My Parkinson’s Journey

The journey with Parkinson’s can be a long and frustrating one, but hang in, there are many things you can do to improve your quality of life.  One thing that has made a big impact in my life is exercise, and that’s why my wife and I have started tAPDA Larry and Ellie Headshothis website and an organization devoted to removing the barriers to vigorous exercise faced by people afflicted with Parkinson’s disease.

My primary care doctor and the first neurologist I saw first diagnosed me in 2009 with Essential Tremor and told me it didn’t matter if it was PD because there’s no cure and it was best to delay drug therapy, anyway. What inspiring news! And when the PD diagnosis was finally confirmed in late 2010, I adopted an apathetic attitude because I was not guided otherwise. In April 2012, my wife badgered me into attending an APDA support group meeting she saw noted on the calendar of our local newspaper, and my life changed.

By happenstance, a pair of wellness gurus were at that meeting pitching a free Tai Chi for Parkinson’s pilot workshop, and the organizer of the NPF’s Southeastern PD Conference was there giving away “Aware in Care” kits and urging folks to attend the Conference that October, and an animated duo of physical therapists were there urging everyone to exercise.

The Tai Chi studies cited by my gurus and the inspirational words of our now favorite PTs led me to believe there might be things I could do to slow my progression. Later, at the Southeastern Conference, Dr. Becky Farley urged us to exercise outside our comfort zone to achieve maximum benefit.

Those two events completely changed my outlook from apathy to hopefulness, and the improvement in my well-being over the past year has been dramatic.  I exercise hard and often and practice Tai Chi and Yoga daily.  I’ve been working with my Tai Chi gurus, Bob and Doris, to expand the Yellow River Center’s offerings and am about to join their Board. I’m also working with Paul “The Truth” Delgado, a retired three-time international boxing champion, to develop a boxing training program for people with Parkinson’s in a north Atlanta suburb based on the success of Punching Out Parkinson’s in Fort Worth and Rock Steady Boxing in Indianapolis.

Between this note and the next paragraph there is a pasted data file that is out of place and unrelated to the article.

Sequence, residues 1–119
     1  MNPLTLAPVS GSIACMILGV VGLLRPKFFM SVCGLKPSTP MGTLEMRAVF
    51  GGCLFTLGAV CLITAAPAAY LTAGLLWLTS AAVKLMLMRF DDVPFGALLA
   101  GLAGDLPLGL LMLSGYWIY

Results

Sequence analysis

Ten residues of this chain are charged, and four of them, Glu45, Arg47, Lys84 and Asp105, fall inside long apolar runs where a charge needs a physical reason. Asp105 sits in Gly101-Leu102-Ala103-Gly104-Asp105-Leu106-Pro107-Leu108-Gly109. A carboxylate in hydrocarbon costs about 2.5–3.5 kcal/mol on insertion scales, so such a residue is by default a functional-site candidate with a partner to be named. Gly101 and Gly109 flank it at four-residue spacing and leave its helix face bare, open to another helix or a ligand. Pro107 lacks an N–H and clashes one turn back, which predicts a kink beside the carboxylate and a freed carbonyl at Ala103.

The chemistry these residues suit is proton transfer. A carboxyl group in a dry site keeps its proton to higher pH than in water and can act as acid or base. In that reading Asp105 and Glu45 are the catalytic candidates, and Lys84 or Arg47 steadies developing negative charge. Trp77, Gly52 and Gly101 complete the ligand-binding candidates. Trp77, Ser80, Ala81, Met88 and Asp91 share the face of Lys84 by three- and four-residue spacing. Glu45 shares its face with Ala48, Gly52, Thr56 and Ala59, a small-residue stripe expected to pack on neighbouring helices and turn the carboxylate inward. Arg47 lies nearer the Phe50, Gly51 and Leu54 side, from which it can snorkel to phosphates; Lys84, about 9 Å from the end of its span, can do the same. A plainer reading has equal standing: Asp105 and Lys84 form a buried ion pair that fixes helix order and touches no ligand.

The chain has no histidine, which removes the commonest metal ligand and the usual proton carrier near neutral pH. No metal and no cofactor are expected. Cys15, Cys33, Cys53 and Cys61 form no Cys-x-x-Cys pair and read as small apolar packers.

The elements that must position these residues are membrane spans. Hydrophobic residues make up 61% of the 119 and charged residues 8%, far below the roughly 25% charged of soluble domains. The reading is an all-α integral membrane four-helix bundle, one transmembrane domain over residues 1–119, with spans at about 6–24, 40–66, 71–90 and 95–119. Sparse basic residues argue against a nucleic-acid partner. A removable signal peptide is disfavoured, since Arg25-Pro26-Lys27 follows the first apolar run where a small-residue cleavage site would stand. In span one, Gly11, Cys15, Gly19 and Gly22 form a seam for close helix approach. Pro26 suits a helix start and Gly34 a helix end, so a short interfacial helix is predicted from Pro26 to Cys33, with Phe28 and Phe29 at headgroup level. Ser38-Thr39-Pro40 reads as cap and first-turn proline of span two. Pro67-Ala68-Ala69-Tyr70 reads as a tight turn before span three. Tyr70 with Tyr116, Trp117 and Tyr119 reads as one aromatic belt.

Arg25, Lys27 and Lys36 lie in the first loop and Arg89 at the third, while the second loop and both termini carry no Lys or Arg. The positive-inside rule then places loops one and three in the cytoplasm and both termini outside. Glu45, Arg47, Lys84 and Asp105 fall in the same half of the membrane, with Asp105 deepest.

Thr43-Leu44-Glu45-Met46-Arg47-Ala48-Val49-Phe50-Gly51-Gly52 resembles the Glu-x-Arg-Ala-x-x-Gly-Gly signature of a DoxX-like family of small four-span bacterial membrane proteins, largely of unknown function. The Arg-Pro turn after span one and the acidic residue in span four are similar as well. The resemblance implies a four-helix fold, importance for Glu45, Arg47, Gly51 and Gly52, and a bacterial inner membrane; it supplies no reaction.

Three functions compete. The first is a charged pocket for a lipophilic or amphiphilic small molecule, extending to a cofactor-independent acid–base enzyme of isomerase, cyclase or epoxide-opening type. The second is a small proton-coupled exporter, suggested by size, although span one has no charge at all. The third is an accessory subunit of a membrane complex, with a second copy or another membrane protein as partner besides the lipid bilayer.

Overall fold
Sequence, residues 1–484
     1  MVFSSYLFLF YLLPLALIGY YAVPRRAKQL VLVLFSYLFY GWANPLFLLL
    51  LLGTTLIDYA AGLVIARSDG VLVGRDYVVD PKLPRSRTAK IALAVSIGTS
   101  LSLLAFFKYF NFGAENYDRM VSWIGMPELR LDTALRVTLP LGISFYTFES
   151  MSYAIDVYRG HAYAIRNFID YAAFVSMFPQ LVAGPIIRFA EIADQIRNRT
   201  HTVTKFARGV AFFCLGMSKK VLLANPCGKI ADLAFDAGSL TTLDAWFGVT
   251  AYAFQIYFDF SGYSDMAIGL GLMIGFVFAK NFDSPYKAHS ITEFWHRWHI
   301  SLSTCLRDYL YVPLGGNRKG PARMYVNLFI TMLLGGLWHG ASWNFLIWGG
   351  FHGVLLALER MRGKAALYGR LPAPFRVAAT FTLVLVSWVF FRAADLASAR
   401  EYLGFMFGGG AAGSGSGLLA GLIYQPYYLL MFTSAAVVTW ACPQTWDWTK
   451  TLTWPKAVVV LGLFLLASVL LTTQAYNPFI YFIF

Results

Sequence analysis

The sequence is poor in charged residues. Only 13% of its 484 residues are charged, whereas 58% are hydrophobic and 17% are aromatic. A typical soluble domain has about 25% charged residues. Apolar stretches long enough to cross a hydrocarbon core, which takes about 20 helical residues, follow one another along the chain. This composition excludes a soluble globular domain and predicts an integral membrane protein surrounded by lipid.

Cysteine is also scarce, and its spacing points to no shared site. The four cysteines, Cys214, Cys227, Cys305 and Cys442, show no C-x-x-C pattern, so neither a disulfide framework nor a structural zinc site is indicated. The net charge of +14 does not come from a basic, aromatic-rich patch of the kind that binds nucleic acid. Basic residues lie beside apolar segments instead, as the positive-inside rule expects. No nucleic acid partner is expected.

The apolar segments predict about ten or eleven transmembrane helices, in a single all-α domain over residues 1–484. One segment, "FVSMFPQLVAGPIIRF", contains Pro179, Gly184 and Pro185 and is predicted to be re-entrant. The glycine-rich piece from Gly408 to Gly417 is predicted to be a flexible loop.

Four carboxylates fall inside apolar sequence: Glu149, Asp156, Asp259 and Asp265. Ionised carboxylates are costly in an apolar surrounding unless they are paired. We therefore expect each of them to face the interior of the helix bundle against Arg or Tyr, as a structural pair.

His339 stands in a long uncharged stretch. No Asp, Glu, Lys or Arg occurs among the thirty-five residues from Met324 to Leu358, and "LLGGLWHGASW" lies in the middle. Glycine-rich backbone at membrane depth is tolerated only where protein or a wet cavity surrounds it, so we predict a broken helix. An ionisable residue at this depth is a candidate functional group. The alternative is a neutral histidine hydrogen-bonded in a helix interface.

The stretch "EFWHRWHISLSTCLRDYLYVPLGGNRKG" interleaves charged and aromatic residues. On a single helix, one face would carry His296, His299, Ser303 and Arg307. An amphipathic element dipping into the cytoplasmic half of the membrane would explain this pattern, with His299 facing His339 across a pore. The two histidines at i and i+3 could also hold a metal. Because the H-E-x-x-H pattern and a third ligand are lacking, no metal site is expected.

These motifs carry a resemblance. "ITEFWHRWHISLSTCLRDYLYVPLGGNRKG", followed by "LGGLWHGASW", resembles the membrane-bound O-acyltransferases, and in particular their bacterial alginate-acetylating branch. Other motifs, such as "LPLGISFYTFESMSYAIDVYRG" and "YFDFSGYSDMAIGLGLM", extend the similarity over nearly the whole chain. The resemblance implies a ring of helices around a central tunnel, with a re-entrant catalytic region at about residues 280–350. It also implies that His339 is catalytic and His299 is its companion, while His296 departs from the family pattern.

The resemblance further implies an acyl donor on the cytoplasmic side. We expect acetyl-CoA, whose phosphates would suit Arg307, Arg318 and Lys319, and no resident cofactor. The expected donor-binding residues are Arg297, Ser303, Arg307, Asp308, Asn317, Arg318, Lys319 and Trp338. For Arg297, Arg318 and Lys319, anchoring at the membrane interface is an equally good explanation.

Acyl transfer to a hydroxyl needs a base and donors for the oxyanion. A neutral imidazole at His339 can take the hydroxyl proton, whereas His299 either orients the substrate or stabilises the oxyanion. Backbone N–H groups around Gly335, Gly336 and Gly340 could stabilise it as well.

It took me over a year to find the PD community, and as I connect with PWPs across the country at conferences and through Facebook support groups I’m learning my story is a common one. Some neurologists make their patients aware of exercise programs, support groups and clinical trials, but many – maybe even the majority – do not. PD Gladiators’ mission will be to educate the public, people with Parkinson’s disease, and the medical community about the role of exercise in slowing the progression of Parkinson’s disease and to make community-based exercise programs available to people with Parkinson’s disease and their caregivers. We are already working with our local APDA chapter on a brochure reflecting the content on this website’s home page, and we intend to proactively spread the word to practicing neurologists so that newly-diagnosed Parkinson’s patients learn about the benefits of vigorous exercise and the other things they can do now to live better with PD faster than I did.

There should be enough information on this website when it’s fully up and running to convince you to start exercising before PD stops you from moving. A body in motion tends to stay in motion, and a body at rest tends to stay at rest. The choice is mostly yours.

Larry Kahn

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